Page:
Earlier this month the Court decided another per curiam opinion which has gotten much less attention but which could have profound implications, especially to law enforcement officers on the front line. White v. Pauly was an appeal from a civil ruling by a federal district court against New Mexico State Police Officer Ray White, who had shot and killed Samuel Pauley in a police confrontation outside of Santa Fe.
Witnesses had called 911 to report Pauley as a drunk driver. Two police officers went to his residence where he lived with his brother Daniel Pauly in a secluded area to talk with Pauly. They ordered him to open the door. It was asserted in the complaint that the brothers had not heard the officers identify themselves. The Paulys got their firearms.
A few minutes after the initial confrontation, Officer White arrived at the scene outside of the Pauly residence. The Paulys yelled that they had guns and Daniel fired two shotgun blasts outside the back door. Samuel stuck his handgun outside a window in the front of the house and pointed it in the officers’ direction. All three of the officers took cover, White behind a stone wall. One of the initial two officers fired his gun at Pauly and missed. Officer White fired and killed Samuel Pauly.
Border Patrol Chief Steps Down After Trump Reveals Wall Plan
Border Patrol chief, Mark Morgan
The Border Patrol chief stepped down Thursday after President Trump signed executive orders increasing border security.
It remains unclear whether Border Patrol Chief Mark Morgan resigned voluntarily or under pressure, CNN reports.
Pittsburgh Post-Gazette: FBI Went too Far Running a Child Porn Site
The FBI is supposed to protect children from predators, not use them as pawns in a pornography sting. That is what happened, however, and now the agency is under fire from civil rights groups, defense attorneys and even some scholars and federal judges. Not for the first time — remember when agents impersonated a journalist in pursuit of a teenager who was making bomb threats to a school? — the FBI has demonstrated embarrassingly poor judgment in an internet-based investigation.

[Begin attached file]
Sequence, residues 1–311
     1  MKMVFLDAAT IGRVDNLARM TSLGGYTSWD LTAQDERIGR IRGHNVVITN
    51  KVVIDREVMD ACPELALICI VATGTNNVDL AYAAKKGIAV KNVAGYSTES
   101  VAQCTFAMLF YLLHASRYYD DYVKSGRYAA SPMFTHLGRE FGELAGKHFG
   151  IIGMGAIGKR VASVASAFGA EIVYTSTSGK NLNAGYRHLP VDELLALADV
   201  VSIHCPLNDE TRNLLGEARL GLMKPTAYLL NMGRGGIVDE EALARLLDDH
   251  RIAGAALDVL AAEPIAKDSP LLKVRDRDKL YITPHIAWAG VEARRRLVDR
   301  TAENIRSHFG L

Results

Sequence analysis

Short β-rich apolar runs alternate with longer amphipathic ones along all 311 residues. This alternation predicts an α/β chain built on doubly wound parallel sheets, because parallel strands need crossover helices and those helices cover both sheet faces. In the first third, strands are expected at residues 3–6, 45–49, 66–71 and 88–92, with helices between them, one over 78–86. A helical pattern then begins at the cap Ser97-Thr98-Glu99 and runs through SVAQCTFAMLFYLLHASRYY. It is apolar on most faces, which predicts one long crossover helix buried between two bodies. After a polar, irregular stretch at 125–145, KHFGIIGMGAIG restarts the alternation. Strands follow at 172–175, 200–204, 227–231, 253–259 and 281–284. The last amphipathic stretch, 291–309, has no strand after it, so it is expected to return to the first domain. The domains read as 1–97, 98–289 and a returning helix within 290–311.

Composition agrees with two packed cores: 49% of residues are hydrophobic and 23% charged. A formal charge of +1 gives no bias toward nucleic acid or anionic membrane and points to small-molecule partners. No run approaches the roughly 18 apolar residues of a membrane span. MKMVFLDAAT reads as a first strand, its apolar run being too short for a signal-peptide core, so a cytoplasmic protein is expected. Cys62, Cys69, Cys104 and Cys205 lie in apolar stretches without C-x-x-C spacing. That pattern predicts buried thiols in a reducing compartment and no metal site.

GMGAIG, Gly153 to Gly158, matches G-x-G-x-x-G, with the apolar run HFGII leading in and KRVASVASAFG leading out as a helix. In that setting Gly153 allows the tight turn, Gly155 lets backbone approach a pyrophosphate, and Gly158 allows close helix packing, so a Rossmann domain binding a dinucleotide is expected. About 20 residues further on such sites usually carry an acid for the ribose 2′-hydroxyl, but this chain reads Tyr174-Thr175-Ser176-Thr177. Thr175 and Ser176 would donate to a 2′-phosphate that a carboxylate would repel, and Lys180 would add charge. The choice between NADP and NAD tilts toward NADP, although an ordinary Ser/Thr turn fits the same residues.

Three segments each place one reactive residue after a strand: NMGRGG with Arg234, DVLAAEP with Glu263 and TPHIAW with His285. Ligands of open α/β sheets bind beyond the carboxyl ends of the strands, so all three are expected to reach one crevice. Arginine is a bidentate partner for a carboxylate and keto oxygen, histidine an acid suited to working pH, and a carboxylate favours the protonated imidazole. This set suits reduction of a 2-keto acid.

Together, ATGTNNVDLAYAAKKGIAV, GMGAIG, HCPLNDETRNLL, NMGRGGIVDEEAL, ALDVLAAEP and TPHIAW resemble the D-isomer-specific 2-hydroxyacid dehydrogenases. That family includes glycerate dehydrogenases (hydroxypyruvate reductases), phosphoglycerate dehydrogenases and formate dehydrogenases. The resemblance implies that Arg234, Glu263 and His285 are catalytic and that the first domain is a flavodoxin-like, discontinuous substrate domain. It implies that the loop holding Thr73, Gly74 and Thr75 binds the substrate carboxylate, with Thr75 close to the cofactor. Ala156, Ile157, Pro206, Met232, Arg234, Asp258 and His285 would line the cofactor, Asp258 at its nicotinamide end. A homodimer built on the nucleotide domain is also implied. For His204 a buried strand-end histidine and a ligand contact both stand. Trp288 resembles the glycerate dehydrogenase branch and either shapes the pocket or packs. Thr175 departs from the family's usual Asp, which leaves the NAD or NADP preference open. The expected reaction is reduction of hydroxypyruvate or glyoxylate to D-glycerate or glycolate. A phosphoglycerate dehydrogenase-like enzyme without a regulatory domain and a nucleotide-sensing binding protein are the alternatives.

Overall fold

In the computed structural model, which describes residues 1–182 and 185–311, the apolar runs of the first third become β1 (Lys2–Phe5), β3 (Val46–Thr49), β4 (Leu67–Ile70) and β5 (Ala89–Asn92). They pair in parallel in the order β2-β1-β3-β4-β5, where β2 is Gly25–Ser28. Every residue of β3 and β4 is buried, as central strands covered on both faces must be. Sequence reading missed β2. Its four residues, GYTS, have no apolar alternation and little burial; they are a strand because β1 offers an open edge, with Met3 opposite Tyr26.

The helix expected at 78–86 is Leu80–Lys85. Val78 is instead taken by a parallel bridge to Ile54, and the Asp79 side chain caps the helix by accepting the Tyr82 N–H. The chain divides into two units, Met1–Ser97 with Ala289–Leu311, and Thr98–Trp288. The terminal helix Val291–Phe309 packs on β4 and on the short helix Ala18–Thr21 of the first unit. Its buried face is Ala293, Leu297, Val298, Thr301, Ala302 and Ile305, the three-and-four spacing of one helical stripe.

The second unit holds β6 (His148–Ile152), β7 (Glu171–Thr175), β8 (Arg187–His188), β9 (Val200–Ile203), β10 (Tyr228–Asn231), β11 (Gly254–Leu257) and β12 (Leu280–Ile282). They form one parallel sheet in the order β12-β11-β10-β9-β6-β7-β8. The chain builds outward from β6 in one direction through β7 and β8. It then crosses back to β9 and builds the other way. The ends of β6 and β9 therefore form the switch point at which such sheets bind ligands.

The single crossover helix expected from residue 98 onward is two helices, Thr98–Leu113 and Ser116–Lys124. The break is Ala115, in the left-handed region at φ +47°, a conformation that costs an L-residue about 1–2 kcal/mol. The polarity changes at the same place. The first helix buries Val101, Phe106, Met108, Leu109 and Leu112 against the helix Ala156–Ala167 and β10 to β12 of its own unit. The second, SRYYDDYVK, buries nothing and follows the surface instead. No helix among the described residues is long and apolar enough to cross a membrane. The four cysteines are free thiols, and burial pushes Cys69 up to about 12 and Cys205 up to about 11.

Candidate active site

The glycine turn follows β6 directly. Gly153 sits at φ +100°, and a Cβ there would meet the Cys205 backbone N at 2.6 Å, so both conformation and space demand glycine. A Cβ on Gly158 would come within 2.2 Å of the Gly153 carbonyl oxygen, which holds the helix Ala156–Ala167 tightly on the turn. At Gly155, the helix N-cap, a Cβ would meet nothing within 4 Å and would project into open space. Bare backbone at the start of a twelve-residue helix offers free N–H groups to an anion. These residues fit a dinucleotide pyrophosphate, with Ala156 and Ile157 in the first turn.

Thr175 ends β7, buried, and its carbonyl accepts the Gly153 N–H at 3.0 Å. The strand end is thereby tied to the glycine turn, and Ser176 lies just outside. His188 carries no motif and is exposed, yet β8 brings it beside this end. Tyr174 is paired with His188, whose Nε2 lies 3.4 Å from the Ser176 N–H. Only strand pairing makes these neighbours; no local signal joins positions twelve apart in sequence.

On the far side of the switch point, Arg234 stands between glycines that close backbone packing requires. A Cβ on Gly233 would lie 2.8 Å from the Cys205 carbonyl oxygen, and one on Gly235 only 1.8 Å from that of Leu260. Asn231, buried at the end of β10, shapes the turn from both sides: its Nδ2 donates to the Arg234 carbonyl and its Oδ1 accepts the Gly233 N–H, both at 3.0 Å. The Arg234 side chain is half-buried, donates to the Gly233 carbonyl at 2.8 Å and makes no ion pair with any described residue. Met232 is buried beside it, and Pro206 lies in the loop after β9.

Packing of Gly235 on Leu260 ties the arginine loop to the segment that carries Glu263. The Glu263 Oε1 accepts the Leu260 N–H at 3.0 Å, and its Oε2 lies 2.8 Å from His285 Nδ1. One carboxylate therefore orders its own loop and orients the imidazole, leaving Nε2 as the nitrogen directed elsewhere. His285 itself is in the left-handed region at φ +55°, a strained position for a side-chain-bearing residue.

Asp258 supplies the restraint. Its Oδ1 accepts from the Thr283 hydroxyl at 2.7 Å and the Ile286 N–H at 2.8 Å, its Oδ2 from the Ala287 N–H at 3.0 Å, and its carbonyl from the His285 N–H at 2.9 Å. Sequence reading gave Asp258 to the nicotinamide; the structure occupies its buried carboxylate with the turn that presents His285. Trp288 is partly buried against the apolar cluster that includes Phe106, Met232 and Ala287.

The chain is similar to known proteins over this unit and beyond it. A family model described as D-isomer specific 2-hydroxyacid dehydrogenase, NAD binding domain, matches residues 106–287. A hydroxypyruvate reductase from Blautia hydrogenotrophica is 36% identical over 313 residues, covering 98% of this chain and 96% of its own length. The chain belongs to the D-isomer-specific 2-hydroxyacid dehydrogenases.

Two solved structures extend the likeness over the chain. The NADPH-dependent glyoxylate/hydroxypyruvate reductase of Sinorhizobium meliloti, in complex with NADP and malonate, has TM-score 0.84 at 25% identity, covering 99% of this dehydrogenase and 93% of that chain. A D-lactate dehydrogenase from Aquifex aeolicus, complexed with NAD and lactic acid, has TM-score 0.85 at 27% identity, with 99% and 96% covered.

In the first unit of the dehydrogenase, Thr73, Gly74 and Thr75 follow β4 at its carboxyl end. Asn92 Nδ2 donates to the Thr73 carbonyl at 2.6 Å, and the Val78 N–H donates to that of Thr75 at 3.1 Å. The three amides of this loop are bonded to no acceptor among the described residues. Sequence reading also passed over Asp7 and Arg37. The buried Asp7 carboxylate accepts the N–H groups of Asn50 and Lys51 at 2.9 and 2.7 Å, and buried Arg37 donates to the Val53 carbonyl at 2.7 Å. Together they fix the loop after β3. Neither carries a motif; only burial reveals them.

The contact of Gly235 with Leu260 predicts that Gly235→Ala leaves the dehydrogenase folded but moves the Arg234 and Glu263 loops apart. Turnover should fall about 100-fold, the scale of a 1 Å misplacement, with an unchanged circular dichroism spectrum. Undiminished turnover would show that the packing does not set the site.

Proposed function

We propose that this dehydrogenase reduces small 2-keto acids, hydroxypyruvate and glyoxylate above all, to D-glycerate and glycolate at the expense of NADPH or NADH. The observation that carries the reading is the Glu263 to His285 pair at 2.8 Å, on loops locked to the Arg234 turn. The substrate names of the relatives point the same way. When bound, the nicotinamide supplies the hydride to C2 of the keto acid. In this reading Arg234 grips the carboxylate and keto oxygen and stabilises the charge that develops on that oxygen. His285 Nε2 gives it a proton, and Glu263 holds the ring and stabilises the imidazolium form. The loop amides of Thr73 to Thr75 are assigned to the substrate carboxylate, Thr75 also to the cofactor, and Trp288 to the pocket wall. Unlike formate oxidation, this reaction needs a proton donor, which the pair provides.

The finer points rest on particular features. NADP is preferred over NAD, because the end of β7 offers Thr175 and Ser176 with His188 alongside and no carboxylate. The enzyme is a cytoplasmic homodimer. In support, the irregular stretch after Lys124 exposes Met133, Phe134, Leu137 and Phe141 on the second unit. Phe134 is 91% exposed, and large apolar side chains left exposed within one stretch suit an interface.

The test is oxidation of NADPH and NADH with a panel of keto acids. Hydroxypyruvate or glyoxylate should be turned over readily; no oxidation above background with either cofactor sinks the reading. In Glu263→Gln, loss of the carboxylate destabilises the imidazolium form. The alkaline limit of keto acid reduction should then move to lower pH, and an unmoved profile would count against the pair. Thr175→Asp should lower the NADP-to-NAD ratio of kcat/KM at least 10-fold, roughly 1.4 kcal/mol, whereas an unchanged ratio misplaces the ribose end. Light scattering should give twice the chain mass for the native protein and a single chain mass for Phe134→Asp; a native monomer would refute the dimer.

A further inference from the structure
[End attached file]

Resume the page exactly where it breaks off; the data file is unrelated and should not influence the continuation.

For two weeks in 2015, after seizing control of a child porn website, the FBI not only allowed the site to remain operational but operated it, becoming what The Seattle Times called “one of the largest purveyors of child pornography on the internet.” The goal of Operation Pacifier was to identify those who used the site and file charges against them. By the time the FBI pulled the plug, it had the goods on nearly 190 people, thanks to special technology it used to hack into users’ computers.
When is distribution of child porn not a crime? According to the FBI, when it’s the one doing the distributing. Its operation of the site allowed visitors to access pornographic images, further exploiting the victims. It’s even been accused of improving the site’s functionality, making it friendlier for porn-seekers to use during the sting.
Trump May Bring Back Secret CIA Torture ‘Black Site’ Prisons
President Trump may bring back so-called CIA “black site” prisons where terrorism suspects are held and were once tortured.
President George W. Bush used the black sites to combat the “war on terrorism” following the Sept. 11, 2001, attacks, but former President Barack Obama closed them.
In the next few days, Trump is expected to sign an executive executive order to call for a high-level review into “whether to reinitiate a program of interrogation of high-value alien terrorists to be operated outside the United States” and if the CIA should run the facilities, Reuters reports.
The information comes from a copy of
The FBI's Colossal Failure Investigating GamerGate
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North Randall police officer who sold guns to felons loses ...
Lumpkin also said FBI agent Michael Haynie should not have been allowed to testify about whether he thought Lumpkin was lying in an interview. Rogers wrote ...
Border Patrol chief says he's been forced out
The former FBI agent briefly led the internal affairs department at the Border Patrol's parent agency before heading the agency of roughly 20,000 agents.
Reveal | from The Center for Investigative Reporting
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When it comes to Trump, this union is strong